Stocks hold up in face of depressing news

DESPITE a bearish prediction on global gold prices and a serious fall in consumer confidence, the sharemarket finished only slightly lower yesterday.

DESPITE a bearish prediction on global gold prices and a serious fall in consumer confidence, the sharemarket finished only slightly lower yesterday.

The S&P/ASX 200 slid

25 points in morning trading but by the close had whittled that back to a loss of

2.9 points, to 4190.5.

A warning from Reserve Bank deputy governor Ric Battellino that the economy would suffer some spill-over effects from Europe's debt crisis would not have added to investor confidence.

It came on top of news that the Melbourne Institute-Westpac Consumer Confidence survey had found a 20 per cent slide in confidence this month.

"The boost to the consumer mood from the November rate cut was relatively temporary," said ANZ senior economist Katie Dean.

"Households are becoming more concerned about the troubles in Europe and what this means for employment prospects. You can't ignore this result, but it's not necessarily a sign that the economy is about to weaken significantly, given business confidence is holding up quite well."

A swag of goldminers lost ground after Dennis Gartman, a US-based economist who foresaw the 2008 commodities slump, warned that the metal could fall to as low as $US1475 an ounce more than $US400 below its record high of $US1921.15 reached on September 6.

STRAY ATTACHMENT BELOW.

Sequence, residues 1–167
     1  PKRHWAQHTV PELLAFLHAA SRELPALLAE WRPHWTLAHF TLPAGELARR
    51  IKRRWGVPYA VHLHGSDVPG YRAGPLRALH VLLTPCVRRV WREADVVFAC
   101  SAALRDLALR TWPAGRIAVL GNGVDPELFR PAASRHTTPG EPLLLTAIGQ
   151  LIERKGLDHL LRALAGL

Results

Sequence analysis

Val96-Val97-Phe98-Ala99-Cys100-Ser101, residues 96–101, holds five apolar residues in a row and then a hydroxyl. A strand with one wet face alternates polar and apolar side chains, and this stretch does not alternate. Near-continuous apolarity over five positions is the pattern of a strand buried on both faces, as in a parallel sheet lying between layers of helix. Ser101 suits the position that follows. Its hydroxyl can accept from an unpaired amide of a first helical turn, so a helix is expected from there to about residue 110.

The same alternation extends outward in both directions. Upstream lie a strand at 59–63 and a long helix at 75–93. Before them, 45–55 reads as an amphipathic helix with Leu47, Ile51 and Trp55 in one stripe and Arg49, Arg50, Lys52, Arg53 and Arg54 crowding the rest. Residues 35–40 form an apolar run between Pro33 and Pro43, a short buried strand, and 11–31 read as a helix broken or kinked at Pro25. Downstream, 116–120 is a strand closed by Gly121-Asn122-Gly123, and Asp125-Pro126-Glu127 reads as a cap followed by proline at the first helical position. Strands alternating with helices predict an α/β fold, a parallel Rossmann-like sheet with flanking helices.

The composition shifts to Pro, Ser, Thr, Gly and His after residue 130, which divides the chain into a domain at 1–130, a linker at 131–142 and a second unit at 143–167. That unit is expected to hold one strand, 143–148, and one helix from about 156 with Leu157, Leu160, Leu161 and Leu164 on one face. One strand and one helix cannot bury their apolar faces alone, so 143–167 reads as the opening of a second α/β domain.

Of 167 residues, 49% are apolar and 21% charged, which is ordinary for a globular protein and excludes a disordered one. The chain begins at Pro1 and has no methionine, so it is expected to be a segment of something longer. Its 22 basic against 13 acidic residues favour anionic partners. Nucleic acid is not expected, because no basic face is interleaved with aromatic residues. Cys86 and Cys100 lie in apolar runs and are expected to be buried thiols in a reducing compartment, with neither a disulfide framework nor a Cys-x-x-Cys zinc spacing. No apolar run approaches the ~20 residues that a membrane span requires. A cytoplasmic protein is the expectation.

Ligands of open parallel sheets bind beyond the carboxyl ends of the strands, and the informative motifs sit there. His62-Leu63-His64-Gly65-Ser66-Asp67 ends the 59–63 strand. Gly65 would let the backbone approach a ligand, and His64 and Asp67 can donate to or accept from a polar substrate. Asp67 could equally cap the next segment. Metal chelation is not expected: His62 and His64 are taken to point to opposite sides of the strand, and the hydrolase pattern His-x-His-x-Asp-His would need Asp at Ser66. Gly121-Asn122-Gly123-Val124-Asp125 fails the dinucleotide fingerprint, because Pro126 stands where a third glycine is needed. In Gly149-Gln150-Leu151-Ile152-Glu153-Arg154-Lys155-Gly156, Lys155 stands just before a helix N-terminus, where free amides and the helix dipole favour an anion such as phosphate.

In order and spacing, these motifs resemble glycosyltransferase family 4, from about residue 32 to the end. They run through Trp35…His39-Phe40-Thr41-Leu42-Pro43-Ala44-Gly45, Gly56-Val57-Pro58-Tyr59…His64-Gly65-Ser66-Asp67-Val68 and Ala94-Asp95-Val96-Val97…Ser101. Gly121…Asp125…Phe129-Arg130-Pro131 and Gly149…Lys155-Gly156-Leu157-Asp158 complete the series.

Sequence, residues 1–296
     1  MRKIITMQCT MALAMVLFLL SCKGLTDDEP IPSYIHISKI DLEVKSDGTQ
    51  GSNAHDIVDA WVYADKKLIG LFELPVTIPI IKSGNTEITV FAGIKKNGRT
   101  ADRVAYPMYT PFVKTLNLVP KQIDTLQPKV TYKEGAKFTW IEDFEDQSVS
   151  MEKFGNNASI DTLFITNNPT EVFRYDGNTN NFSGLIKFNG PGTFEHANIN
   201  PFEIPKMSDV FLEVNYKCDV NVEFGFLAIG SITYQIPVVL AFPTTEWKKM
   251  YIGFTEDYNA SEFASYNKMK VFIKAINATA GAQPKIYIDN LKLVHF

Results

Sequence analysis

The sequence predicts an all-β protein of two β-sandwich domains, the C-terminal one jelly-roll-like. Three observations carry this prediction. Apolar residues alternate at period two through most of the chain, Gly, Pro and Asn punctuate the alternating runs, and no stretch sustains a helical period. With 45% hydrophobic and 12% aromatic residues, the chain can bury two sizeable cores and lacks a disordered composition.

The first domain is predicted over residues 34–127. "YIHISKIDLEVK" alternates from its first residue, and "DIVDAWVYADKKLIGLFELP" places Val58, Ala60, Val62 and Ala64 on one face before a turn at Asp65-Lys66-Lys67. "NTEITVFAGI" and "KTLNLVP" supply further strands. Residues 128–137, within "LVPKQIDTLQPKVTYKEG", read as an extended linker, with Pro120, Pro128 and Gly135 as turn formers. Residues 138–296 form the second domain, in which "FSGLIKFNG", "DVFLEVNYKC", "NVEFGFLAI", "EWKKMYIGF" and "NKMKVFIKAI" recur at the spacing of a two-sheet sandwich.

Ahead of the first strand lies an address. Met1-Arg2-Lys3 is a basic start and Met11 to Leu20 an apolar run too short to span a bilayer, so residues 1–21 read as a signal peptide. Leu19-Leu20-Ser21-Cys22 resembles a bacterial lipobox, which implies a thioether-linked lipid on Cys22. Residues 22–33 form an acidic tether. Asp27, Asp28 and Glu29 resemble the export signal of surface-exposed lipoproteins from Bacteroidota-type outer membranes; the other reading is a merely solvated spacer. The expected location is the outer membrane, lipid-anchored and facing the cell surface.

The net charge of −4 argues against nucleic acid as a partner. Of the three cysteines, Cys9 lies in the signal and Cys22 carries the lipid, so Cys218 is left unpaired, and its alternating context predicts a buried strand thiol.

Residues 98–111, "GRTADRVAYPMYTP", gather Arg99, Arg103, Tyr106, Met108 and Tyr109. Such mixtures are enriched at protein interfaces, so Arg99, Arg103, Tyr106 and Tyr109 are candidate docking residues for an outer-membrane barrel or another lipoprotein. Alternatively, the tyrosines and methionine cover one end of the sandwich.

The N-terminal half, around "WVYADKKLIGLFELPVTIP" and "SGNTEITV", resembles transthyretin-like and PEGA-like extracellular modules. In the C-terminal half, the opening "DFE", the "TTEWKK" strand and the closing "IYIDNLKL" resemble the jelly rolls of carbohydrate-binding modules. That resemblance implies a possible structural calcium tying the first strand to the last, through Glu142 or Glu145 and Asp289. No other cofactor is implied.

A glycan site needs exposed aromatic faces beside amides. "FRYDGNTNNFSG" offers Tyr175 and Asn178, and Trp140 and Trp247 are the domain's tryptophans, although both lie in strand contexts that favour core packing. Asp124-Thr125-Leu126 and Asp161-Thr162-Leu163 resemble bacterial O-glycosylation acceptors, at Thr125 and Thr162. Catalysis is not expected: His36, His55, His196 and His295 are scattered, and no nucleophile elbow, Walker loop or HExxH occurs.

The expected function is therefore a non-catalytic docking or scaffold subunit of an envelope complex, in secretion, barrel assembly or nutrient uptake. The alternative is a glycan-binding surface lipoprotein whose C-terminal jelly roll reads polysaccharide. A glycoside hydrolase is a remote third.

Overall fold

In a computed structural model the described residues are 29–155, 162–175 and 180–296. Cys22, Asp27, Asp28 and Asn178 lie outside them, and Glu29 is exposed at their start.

"The weak Indian rupee could make it more expensive for the world's biggest consumer of gold to buy the precious metal," Mr Gartman said.

"Since the early autumn here in the northern hemisphere gold has failed to make a new high. Each high has been progressively lower than the previous high, and now we've confirmation that the new interim low is lower than the previous low.

"We have the beginnings of a real bear market, and the death of a bull."

Gold dropped sharply in late US trading yesterday morning. It picked up slightly in Australia but at the close the spot price was down $US12.80 an ounce at $US1639.83. That took its fall this week to $US70.42 an ounce.

Newcrest Mining lost 37? (1.2 per cent) to $31.84, Kingsgate dropped 31?

(4.7 per cent) to $6.29, and OZ Minerals dipped 4?

(0.4 per cent) to $10.68. But Medusa Mining rose 6?, or 1.2 per cent, to $4.93.

Other miners and bank stocks were mixed. Rio Tinto was up 40? at $63.16 but BHP Billiton lost 12? to $35.70. ANZ closed 23? higher at $20.97 while Westpac lost 3? to $20.80.

The dollar finished at $US1.0016 from $US1.0083 on Tuesday.

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